California's decision to give residents a two-week reprieve to enroll in health insurance to avoid a tax penalty has put pressure on enrollment counselors and county Medi-Cal eligibility workers to get people signed up in the next two weeks.
"We have a big 'ol stack" of incomplete applications, said Kevin Hamilton, deputy director of programs at Clinica Sierra Vista, which operates health centers in Fresno and Bakersfield.
Clinica also has a list of people who were unable to even start applications on Monday, Hamilton said. All together about 1,000 people are being contacted so they can be enrolled.
Covered California, the state health benefit exchange, announced late Monday that it would accept applications through April 15 from Californians who had tried to enroll in health plans or Medi-Cal but didn't make the federal March 31 deadline to avoid a tax penalty.
The extension applies not only for people who tried to enroll in health plans through Covered California, the state health-benefit exchange, but also those who tried to sign up for Medi-Cal, the state-federal insurance for people with low incomes.
Thousands of people in the central San Joaquin Valley were unable to finish the enrollment process by Monday's deadline. Many were applying online through Covered California but were logged out of the agency's website when the volume of applicants swamped the system. Others couldn't even log onto the site because the system crashed.
The enrollment reprieve came with a caveat: applications between now and April 15 must be completed with the assistance of county eligibility workers, certified enrollment counselors and certified insurance agents.
Now the clock is ticking for the agencies to get people through the enrollment process. And they're feeling the crunch.
The fear of a tax penalty has driven Valley residents to call or show up in person at enrollment centers and Medi-Cal offices.
In 2014, the annually penalty is $95 for each adult and $47.50 for each child, up to $285 per family or 1% of the tax filer's annual household income, minus the federal tax filing threshold, whichever is greater. No penalty is owed for incomes less than $10,150.
At Medi-Cal offices in the Valley, people have been anxious to enroll in the government insurance. Medi-Cal accepts enrollment year-round, but the threat of a tax penalty has caused concern.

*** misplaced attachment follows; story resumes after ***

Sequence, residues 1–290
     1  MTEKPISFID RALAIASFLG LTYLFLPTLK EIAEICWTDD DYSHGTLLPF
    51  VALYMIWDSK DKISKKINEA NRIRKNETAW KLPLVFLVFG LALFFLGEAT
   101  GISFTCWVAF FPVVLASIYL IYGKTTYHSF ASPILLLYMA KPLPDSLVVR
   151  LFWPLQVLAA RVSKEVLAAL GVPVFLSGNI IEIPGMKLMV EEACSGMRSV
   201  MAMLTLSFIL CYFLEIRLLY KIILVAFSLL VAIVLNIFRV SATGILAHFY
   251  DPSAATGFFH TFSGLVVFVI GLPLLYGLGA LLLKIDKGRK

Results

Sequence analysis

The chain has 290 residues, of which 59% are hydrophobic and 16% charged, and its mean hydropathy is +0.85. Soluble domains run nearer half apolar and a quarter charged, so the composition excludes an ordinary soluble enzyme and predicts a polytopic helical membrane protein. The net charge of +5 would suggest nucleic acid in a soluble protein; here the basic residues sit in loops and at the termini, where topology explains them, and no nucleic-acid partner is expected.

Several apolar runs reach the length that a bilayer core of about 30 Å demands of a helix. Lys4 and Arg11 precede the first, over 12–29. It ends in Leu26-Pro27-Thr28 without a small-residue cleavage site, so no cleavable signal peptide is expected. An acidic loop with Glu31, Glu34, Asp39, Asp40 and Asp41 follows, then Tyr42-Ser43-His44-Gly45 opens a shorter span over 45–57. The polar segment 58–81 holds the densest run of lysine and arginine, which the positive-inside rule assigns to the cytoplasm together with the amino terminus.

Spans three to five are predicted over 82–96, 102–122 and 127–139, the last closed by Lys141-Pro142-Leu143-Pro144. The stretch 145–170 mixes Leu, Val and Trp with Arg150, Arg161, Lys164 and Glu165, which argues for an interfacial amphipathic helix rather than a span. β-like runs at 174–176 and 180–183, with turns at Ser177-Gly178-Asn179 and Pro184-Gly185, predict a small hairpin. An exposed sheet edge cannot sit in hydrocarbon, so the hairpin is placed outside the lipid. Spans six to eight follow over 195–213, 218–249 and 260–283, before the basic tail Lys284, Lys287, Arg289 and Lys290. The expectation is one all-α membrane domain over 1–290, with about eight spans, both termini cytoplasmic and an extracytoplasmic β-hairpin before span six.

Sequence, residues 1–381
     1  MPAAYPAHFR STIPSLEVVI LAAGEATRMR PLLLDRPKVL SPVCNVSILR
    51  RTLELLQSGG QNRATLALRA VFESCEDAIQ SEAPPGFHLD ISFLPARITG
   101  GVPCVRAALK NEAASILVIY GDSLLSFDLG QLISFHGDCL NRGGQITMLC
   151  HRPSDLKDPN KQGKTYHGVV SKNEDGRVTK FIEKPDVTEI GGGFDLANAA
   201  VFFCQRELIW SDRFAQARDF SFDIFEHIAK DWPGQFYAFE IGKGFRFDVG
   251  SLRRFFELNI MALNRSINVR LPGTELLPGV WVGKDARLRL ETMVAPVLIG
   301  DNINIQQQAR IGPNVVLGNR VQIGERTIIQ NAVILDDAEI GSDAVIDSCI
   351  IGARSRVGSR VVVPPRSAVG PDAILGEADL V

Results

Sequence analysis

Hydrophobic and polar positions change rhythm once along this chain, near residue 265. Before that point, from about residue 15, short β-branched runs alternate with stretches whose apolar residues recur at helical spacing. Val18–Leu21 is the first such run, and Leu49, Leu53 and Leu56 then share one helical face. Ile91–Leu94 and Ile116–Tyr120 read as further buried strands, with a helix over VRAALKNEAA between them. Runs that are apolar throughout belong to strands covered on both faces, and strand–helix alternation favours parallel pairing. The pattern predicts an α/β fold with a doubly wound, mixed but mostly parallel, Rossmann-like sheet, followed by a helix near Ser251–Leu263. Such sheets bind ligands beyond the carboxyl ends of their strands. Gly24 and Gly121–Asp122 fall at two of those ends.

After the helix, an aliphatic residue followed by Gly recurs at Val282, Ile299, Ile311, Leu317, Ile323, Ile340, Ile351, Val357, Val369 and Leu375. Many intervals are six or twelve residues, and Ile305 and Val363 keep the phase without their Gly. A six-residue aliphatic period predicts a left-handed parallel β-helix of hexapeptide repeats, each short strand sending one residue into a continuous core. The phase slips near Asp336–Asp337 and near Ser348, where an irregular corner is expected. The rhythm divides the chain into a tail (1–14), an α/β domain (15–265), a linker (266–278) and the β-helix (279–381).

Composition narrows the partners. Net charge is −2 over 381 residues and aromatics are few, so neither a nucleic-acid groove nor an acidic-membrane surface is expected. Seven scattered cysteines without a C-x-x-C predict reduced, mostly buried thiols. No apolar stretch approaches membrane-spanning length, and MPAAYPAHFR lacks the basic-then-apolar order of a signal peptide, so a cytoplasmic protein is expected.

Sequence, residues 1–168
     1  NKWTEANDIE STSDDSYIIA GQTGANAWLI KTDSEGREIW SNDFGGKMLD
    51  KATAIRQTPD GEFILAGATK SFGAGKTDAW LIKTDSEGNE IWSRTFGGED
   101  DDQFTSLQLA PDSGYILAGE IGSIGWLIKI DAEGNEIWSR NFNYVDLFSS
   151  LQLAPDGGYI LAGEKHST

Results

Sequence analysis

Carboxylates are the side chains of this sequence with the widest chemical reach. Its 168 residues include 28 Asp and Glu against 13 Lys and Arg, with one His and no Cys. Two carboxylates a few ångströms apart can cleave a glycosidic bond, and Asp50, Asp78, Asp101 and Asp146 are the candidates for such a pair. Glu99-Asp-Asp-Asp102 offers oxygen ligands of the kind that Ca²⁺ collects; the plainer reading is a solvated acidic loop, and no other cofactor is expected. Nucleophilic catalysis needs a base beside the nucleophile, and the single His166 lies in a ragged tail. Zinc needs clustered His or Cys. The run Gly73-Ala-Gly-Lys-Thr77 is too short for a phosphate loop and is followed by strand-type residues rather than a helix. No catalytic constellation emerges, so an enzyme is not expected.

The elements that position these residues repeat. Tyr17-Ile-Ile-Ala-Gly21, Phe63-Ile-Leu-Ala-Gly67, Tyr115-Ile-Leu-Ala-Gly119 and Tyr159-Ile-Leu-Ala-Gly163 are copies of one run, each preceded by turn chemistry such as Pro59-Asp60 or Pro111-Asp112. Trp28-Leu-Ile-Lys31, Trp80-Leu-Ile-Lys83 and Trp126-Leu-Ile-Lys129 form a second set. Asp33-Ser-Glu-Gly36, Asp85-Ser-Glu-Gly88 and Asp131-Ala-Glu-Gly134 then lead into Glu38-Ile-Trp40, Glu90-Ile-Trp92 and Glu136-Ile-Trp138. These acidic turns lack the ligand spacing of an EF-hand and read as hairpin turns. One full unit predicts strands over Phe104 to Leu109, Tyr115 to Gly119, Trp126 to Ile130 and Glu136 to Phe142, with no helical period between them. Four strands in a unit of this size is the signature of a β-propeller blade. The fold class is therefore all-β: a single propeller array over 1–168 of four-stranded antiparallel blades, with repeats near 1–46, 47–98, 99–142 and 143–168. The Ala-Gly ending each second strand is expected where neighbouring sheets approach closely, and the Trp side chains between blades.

In Fresno on Tuesday, 612 people came to the Medi-Cal office, and on Wednesday by 10:30 a.m., 224 people had showed up. On a typical day, the office sees 350 people, said Sanja Bugay, deputy director of the Fresno County Department of Social Services.
"This has really been kind of an unprecedented time," Bugay said.
County workers are trying to process applications "as fast as possible," she said.
Bugay said it's possible the federal government will make exceptions on the tax penalty for Medi-Cal clients, but county agencies have yet to receive any guidance. "I do think on this first year they're going to have to have a whole lot of exceptions on just the sheer number of people applying," she said.
It's difficult to put a number on how many Valley residents have tried to enroll in Medi-Cal and need to complete applications before April 15, said Juliet Webb, director of humans services for Tulare County. But it could be quite a few. "We do know a lot of people were waiting for the last minute," she said.
The concern now is that another surge will happen on April 15.
"They take the deadlines literally, so the expectation is, 'I have until the 15th,' " said Margarita Rocha, executive director of the nonprofit social services agency, Centro La Familia Advocacy Services in Fresno. "My advice is don't wait until the 15th."
Medi-Cal offices are still trying to verify eligibility for people who made the March 31 deadline, Bugay and Webb said.
Tulare County received 3,000 applications in March -- double the number received in February, Webb said. Those applicants made the deadline, but many have yet to receive Medi-Cal cards because their eligibility needs to be verified.
Tulare has a backlog of about 6,000 applications, Webb said. Fresno County has about 30,000 applications to verify, Bugay said.
Nonprofit agencies also are processing applications as fast as they can to help people meet the April 15 enrollment deadline.
Anthony Martinez, 31, of Fresno, has an appointment Friday with Berenice Vega, an enrollment counselor at Healthy Community Access Partners in Fresno to finish an application he started last week.
Martinez, a counselor for at-risk youth, thought he had completed the application, but became worried when he hadn't received confirmation from Covered California. On Monday, he asked Vega to check and she told him his application for a health plan was incomplete. He couldn't complete it without some necessary forms and had missed the enrollment deadline.
"I was a little stressed out about that," Martinez said Wednesday. He's somewhat relieved he has until April 15 to finish his application.
But Martinez said: "I won't relax until it's all done."
The reporter can be reached at (559) 441-6310, email@example.com or @beehealthwriter on Twitter.